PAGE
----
HUSCAP logo Hokkaido Univ. logo

Hokkaido University Collection of Scholarly and Academic Papers >
Graduate School of Dental Medicine / Faculty of Dental Medicine >
Peer-reviewed Journal Articles, etc >

Long-Term Changes in Bone Height After Mandibular Reconstruction Using a Free Fibula Graft in an Elderly Population

Creative Commons License

Files in This Item:
Manuscript.pdf2.09 MBPDFView/Open
Please use this identifier to cite or link to this item:

Title: Long-Term Changes in Bone Height After Mandibular Reconstruction Using a Free Fibula Graft in an Elderly Population
Authors: Ishikawa, Kosuke Browse this author
Yamamoto, Yuhei Browse this author
Furukawa, Hiroshi Browse this author
Ohiro, Yoichi Browse this author
Satoh, Akira Browse this author
Hayashi, Toshihiko Browse this author →KAKEN DB
Issue Date: Dec-2017
Publisher: Elsevier
Journal Title: Journal of oral and maxillofacial surgery
Volume: 75
Issue: 12
Start Page: 2682
End Page: 2688
Publisher DOI: 10.1016/j.joms.2017.05.011
PMID: 28627358
Abstract: Purpose: This study evaluated short-term and long-term changes in bone height after mandibular reconstruction using an osteotomized fibula graft, with the aim of identifying factors associated with atrophy of the graft in an elderly population. Patients and Methods: This retrospective study involved patients who underwent mandibular reconstruction using a free vascularized fibula graft from 2005 through 2015 and had at least 12 months of follow-up. Postoperative panoramic radiographs were used to measure bone height at standardized locations on each segment of the graft at 1 year postoperatively and at later follow-up. Results: The sample was composed of 30 patients (15 men, 15 women; mean age, 62.6 years; age range, 50 to 80 years). According to the HCL classification (H, hemimandibular segment including the condyle; C, central segment including both mandibular canine teeth; L, lateral segment without the condyle), mandibular defect types were L (n = 19), LC (n = 7), LCL (n = 3), and H (n = 1). There were 0 to 3 segmental osteotomies with the fibula graft. None of the patients received an osseointegrated dental implant during a mean follow-up of 4.0 years (range, 1.5 to 9.7 yr). All patients underwent reconstruction of the mandibular body, 10 of whom also underwent reconstruction of the mandibular ramus. Atrophy of the fibula graft was observed in 9.9 and 15.0% of the body segment and 5.9 and 6.6% of the ramal segment at 1 year postoperatively and at later follow up, respectively. Graft hypertrophy occurred in the ramal segment in 2 patients. Multivariate analysis showed a significantly higher rate of graft atrophy in women than in men at later follow-up (P = .033). Conclusions: Fibula grafts showed long-term stability, and in 2 cases even a gain in bone height, in this elderly population. Female gender was identified as a risk factor for atrophy of the fibula bone graft in the body segment of the reconstructed mandible. (c) 2017 American Association of Oral and Maxillofacial Surgeons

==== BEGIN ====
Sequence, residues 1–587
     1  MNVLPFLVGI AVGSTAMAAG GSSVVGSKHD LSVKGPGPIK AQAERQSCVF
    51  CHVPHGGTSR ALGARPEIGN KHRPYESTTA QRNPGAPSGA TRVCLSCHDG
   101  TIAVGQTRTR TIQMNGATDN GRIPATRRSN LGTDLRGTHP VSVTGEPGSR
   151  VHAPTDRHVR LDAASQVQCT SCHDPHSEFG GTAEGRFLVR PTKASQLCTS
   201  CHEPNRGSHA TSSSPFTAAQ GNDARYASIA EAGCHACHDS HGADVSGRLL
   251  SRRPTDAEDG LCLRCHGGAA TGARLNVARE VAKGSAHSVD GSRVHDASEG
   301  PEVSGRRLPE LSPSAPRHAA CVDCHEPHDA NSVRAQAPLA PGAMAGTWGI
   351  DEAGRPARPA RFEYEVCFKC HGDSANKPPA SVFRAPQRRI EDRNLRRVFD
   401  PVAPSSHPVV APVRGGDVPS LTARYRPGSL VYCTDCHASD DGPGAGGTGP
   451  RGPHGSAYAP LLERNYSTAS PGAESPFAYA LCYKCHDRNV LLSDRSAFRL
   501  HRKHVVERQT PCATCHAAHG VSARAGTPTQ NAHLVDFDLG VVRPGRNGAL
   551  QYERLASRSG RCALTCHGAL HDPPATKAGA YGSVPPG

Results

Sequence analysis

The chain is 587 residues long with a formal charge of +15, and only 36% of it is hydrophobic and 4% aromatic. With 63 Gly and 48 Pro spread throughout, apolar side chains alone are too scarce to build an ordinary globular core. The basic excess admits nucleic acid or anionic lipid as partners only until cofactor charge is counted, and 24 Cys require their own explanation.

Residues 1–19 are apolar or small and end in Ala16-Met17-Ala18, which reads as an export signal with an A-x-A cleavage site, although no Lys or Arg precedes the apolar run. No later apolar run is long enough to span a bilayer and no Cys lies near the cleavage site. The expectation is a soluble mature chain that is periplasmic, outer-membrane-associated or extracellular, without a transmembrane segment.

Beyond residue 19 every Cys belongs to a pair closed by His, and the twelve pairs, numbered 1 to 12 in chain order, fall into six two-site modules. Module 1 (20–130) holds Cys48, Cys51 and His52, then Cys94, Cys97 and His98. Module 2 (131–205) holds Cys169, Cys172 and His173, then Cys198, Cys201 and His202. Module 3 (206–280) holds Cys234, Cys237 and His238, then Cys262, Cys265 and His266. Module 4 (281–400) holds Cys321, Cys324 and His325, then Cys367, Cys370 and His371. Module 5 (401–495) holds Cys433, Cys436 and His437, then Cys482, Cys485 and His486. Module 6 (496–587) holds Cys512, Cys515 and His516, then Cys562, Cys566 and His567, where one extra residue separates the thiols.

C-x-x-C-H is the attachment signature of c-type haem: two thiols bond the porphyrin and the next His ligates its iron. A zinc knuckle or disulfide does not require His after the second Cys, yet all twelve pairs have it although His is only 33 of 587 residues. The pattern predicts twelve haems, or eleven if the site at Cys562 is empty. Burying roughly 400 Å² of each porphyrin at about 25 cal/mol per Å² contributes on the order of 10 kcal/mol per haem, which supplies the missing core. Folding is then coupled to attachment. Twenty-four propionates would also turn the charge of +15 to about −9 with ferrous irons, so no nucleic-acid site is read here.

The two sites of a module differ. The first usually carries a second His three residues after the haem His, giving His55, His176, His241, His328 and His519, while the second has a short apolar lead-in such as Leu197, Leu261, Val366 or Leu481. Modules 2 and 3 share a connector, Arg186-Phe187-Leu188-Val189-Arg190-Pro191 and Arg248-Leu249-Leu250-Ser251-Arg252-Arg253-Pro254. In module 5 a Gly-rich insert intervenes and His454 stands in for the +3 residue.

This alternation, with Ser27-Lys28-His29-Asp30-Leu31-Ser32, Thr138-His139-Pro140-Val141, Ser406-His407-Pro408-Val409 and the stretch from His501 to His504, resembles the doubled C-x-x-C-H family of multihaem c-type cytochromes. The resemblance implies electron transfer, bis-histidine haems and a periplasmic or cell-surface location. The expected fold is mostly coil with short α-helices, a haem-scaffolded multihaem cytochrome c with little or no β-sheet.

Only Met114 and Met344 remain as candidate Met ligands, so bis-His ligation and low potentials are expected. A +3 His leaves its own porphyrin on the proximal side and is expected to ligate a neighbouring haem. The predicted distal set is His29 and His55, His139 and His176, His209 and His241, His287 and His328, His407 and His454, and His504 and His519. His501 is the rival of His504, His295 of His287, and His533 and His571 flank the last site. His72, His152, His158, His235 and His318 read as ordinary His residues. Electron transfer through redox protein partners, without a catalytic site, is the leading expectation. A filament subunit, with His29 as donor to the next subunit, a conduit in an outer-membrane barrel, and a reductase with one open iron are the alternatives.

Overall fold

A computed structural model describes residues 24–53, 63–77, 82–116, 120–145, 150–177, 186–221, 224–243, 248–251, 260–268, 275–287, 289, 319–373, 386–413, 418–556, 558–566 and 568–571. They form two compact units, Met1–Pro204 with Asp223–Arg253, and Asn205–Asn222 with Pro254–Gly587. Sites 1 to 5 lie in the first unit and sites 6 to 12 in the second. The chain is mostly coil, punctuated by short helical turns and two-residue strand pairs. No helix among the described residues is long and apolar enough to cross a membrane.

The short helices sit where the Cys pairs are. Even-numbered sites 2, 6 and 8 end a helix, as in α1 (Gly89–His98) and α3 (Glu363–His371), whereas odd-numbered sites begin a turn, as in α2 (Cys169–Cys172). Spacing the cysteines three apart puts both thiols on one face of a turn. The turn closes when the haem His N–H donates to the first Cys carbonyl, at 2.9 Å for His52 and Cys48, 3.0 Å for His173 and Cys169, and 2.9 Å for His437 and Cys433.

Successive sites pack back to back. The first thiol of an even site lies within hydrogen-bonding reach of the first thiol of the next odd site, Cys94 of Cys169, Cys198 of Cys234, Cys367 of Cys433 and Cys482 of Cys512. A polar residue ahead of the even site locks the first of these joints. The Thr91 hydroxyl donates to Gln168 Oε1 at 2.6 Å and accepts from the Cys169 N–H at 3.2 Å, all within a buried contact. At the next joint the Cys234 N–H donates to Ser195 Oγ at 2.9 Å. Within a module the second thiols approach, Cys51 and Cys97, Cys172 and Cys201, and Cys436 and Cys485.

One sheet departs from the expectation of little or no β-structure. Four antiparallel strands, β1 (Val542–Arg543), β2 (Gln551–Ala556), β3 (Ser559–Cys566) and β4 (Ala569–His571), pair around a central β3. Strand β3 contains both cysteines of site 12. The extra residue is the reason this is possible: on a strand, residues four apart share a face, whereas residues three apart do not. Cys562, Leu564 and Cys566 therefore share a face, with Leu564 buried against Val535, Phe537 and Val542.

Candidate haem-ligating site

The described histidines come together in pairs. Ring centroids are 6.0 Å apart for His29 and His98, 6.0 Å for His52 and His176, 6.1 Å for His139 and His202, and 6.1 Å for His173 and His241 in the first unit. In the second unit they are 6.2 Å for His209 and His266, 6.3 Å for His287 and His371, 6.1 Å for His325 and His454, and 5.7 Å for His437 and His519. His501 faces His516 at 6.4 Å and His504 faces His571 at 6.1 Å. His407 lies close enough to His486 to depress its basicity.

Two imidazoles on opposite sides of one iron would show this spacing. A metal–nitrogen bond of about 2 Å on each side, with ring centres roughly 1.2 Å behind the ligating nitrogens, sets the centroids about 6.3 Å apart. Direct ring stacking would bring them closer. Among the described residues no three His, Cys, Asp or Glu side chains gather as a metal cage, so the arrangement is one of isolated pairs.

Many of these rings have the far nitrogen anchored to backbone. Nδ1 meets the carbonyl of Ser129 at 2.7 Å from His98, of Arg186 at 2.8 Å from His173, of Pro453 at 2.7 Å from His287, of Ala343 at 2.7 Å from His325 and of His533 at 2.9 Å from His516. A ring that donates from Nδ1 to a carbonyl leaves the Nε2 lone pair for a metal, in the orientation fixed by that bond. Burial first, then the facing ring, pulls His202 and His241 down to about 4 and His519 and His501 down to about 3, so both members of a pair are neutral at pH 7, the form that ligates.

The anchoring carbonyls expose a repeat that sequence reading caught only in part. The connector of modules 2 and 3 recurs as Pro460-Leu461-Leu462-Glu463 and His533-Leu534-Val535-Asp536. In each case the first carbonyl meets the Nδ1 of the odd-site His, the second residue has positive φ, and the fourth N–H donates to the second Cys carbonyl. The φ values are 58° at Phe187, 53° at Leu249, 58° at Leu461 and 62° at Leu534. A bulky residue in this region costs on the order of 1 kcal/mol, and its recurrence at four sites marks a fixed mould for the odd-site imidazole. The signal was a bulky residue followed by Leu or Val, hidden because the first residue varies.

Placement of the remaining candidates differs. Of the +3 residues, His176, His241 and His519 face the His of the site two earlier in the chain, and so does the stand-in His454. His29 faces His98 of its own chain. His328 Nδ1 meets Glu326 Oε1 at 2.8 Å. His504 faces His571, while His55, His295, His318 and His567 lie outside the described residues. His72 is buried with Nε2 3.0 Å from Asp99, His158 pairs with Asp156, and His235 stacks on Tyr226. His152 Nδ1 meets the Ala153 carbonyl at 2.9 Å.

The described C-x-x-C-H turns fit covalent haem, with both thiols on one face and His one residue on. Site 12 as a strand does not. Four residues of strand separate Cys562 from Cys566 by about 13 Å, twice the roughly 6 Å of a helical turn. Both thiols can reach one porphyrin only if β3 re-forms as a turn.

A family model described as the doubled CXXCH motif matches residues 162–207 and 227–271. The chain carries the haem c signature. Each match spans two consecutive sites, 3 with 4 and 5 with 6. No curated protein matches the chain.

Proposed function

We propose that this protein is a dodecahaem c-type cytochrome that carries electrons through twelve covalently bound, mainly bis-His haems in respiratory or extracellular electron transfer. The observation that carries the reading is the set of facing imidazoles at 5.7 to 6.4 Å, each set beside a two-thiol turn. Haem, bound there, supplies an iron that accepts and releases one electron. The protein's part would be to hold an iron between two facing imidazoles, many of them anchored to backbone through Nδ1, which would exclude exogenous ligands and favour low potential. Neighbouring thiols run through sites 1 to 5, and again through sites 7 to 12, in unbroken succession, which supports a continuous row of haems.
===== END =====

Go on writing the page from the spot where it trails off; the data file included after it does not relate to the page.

Rights: 2017. This manuscript version is made available under the CC-BY-NC-ND 4.0 license
Type: article (author version)
Appears in Collections:歯学院・歯学研究院 (Graduate School of Dental Medicine / Faculty of Dental Medicine) > 雑誌発表論文等 (Peer-reviewed Journal Articles, etc)

Submitter: 林 利彦

Export metadata:

OAI-PMH ( junii2 , jpcoar )

MathJax is now OFF:


Feedback - Hokkaido University